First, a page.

Bobby Fischer sat forward, his hand covering his mouth and his elbow resting on the table in front of him. His eyes firmly fixed down on the chequered surface below, the American leant forward out of his black leather chair and moved his Bishop from E6 to D7. Across the table from him sat Boris Spassky, a Soviet. They were engaged in the 21st game of their World Chess Championship match, in the Laugardalshöll arena, Reykjavík and with that move, Fischer emerged as the world’s 11th chess champion. It was a politically charged win, which humiliated the country that had gone undefeated for 24 years, and was dubbed “The Match of the Century”.
In a recent personal project, the designer Pedro Destefani explores the relationship between Stan Smith, the man, and the brand he has become synonymous with over the past few decades. Arguably best known today for his name’s attachment to a particular Adidas trainer, Stan Smith was in fact a world-famous tennis player back in the 1970s and 80s. In this self-initiated editorial project (which is not affiliated with the sports brand), Pedro looks at the man on and off the court, as well as that famous shoe.
We like Adam Pesapane. Better known as PES, the Oscar-nominated director and bloke we once described as the don of stop motion animation, Adam’s provided stunning visuals for the likes of Honda, Scrabble, and change-cashing giants, Coinstar.
Whilst working as part of Same Paper, Xiaopeng Yuan keeps up his own photographic practice. We’ve covered some of his work in the past, and so when we saw the newly-released issue of Télévision magazine, the cover of which features a new story shot by Xiaopeng, we had to find out more.
One of the unique strengths of young American photographer Micaiah Carter (who we picked as one of our Ones to Watch earlier this year) is his ability to conjure a rich mood, an evocative atmosphere, in a straightforward studio setting. His shoots often feel like a heady distillation of the last days of a long summer – there’s a lot of warm sunlight on skin, deep blue and purple-hued skies, and clothes that flow breezily off radiant bodies.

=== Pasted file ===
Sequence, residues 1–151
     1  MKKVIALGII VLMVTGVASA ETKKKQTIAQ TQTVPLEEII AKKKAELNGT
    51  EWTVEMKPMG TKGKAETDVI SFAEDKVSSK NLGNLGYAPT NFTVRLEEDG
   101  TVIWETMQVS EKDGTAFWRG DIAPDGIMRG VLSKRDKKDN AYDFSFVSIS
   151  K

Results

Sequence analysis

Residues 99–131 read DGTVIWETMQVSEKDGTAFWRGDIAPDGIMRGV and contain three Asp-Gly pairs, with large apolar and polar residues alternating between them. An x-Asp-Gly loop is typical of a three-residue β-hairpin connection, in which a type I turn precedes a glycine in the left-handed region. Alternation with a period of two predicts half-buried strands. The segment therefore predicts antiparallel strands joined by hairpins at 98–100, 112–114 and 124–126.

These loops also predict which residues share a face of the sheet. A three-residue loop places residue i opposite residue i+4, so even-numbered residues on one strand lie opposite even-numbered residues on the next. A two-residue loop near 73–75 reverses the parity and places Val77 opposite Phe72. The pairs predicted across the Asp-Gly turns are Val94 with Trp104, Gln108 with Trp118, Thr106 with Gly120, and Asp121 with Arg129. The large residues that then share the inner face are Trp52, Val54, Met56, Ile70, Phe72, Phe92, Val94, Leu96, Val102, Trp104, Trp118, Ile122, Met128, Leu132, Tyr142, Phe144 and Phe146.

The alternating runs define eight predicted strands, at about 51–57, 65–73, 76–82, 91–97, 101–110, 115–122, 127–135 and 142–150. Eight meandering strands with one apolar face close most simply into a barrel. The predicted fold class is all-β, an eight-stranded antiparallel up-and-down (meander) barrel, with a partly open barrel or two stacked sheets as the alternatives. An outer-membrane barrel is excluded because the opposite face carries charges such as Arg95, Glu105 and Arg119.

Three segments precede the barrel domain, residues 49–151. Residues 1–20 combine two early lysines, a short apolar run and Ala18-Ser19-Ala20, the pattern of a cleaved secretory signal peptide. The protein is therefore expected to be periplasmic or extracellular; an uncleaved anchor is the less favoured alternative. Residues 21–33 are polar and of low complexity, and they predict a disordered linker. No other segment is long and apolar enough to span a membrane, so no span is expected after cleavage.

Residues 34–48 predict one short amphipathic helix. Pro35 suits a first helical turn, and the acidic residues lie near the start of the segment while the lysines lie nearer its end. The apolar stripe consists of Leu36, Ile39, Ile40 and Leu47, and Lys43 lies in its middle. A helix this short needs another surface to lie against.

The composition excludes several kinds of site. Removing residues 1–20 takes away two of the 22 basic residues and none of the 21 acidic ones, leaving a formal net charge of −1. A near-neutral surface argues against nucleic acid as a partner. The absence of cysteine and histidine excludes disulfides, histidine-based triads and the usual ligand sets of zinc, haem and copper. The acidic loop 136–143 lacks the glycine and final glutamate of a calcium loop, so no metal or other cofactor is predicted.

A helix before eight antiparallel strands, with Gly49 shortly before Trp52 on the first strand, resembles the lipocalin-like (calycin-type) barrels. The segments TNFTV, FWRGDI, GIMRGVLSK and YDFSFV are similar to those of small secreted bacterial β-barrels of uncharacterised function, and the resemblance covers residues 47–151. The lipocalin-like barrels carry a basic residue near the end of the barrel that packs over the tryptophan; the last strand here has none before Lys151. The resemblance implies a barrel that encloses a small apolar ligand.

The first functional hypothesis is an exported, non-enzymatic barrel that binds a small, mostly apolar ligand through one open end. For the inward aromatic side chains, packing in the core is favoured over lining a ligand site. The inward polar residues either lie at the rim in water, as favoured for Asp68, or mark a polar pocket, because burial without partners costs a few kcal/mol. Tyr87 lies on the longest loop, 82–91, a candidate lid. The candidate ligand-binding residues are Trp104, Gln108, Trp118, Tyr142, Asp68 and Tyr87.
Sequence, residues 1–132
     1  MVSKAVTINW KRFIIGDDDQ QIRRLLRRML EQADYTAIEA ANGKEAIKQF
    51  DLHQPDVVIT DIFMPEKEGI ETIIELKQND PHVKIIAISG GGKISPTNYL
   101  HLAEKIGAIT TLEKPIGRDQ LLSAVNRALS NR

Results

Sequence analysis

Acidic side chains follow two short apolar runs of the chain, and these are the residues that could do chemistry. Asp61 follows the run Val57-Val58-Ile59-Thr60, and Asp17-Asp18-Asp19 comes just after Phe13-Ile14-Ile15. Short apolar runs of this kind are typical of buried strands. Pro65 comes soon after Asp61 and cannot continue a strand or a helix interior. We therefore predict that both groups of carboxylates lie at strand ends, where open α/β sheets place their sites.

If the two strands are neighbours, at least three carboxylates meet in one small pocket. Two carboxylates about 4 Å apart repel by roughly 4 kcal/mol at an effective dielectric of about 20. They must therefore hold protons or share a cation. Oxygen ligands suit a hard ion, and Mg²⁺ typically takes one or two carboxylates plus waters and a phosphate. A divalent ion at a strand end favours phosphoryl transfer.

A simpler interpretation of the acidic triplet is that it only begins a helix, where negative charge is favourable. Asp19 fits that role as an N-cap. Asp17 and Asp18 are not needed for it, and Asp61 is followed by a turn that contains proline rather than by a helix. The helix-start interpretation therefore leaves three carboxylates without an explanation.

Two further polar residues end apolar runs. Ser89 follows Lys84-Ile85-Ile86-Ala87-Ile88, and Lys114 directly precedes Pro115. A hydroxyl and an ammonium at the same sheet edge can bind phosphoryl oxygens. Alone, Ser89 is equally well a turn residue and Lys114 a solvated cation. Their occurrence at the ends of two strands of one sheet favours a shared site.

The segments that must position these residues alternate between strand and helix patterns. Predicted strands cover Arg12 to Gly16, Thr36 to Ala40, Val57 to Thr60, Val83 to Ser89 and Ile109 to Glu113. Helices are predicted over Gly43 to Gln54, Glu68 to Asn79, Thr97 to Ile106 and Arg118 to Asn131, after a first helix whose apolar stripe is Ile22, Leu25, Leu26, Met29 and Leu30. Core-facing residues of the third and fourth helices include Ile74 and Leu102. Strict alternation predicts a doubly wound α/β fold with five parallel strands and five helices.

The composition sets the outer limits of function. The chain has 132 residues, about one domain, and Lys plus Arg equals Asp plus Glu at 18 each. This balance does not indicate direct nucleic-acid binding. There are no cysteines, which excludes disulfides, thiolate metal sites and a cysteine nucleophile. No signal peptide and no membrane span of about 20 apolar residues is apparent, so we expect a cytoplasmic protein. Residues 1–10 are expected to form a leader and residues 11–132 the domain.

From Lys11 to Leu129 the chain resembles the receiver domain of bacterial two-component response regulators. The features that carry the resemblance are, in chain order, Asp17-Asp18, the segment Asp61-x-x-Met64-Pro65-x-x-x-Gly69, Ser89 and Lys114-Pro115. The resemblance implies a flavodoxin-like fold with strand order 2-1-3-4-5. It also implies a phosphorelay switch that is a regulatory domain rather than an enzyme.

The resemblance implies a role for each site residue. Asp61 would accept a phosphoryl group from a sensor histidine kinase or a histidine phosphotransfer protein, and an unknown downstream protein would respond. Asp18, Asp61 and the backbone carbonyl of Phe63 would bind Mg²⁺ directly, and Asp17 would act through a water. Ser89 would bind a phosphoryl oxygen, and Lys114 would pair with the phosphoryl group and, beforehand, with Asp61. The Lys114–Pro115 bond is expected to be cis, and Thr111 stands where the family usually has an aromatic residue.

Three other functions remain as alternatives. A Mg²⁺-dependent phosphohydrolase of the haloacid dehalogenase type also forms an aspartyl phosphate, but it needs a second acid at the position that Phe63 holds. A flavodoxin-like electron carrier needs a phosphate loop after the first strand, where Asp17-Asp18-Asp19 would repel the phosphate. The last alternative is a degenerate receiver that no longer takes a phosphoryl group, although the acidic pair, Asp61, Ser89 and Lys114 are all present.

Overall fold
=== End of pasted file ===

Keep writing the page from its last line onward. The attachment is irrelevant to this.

“I am interested in the body. In what having a body feels like, or how we try to hide the way it feels. To contain it or control it. How it brings shame and humiliation because we cannot control it,” says artist Louise Bonnet. “I am fascinated by the ornamentation of it, the extreme ways of hiding our primal origins with all this external stuff. For example, with the Hitchcock Blonde, or the renaissance portraits, where any sign of wildness is eradicated. I love all the intricate techniques used to achieve this. It’s so prevalent and all-encompassing.”
Following on from collaborations with everyone from Vincent van Gogh to Geoff McFetridge, American slip-on peddler, Vans, has unveiled a new range of apparel featuring the work of legendary illustrator Ralph Steadman.
Believe it or not, we’re sort of hooked on the new series of Britain’s Got Talent. Just last week we watched in slack-jawed amazement as an amazingly bald stuntman managed to wriggle himself out of a straitjacket. Whilst hanging upside down. On fire.
“I have learnt to see graphic design as a kind of puzzle,” explains Oscar Maia. Based out of the historic city of Porto, Oscar has been practising for more than a decade in some of the romantic city’s renowned studios. From Atelier Martino&Jaña to the White Studio, Oscar has honed a career specialising in design in the cultural sector which he continues today as a freelancer.
Describing, his drawings as falling into “a grey zone between cartooning and colour based-rendering”, illustrator Mathieu Larone says he is able to morph his practice depending on the project he’s working on. “I’m also hellbent on exploring the limits of what can and cannot be understood in an image, and using the practice and form of illustration to communicate in subtle and nonlinear ways,” he adds.
“The character is already there”: Andrea Artemisio builds narrative, attitude and tone in his photographs